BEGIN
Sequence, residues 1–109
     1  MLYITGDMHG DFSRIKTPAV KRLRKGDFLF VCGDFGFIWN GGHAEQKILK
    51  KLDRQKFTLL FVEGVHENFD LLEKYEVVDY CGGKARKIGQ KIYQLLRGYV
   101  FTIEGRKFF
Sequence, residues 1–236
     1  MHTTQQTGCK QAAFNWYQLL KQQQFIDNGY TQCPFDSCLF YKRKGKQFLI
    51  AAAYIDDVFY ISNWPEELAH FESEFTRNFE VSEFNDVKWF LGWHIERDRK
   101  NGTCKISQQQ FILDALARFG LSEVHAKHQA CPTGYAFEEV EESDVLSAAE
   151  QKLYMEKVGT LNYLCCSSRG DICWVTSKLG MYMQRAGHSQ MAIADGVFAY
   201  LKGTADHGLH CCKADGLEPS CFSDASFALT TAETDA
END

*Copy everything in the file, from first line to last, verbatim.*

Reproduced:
Sequence, residues 1–109
     1  MLYITGDMHG DFSRIKTPAV KRLRKGDFLF VCGDFGFIWN GGHAEQKILK
    51  KLDRQKFTLL FVEGVHENFD LLEKYEVVDY CGGKARKIGQ KIYQLLRGYV
   101  FTIEGRKFF
Sequence, residues 1–236
     1  MHTTQQTGCK QAAFNWYQLL KQQQFIDNGY TQCPFDSCLF YKRKGKQFLI
    51  AAAYIDDVFY ISNWPEELAH FESEFTRNFE VSEFNDVKWF LGWHIERDRK
   101  NGTCKISQQQ FILDALARFG LSEVHAKHQA CPTGYAFEEV EESDVLSAAE
   151  QKLYMEKVGT LNYLCCSSRG DICWVTSKLG MYMQRAGHSQ MAIADGVFAY
   201  LKGTADHGLH CCKADGLEPS CFSDASFALT TAETDA